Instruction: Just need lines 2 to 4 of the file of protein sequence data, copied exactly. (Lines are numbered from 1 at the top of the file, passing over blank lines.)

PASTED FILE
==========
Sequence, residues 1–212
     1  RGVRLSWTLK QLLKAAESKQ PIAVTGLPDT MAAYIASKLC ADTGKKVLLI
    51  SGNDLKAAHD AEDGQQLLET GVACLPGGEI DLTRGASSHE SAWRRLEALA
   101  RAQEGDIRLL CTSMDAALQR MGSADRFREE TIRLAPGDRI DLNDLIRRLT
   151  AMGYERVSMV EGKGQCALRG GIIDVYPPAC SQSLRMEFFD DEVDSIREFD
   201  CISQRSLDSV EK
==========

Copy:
     1  RGVRLSWTLK QLLKAAESKQ PIAVTGLPDT MAAYIASKLC ADTGKKVLLI
    51  SGNDLKAAHD AEDGQQLLET GVACLPGGEI DLTRGASSHE SAWRRLEALA
   101  RAQEGDIRLL CTSMDAALQR MGSADRFREE TIRLAPGDRI DLNDLIRRLT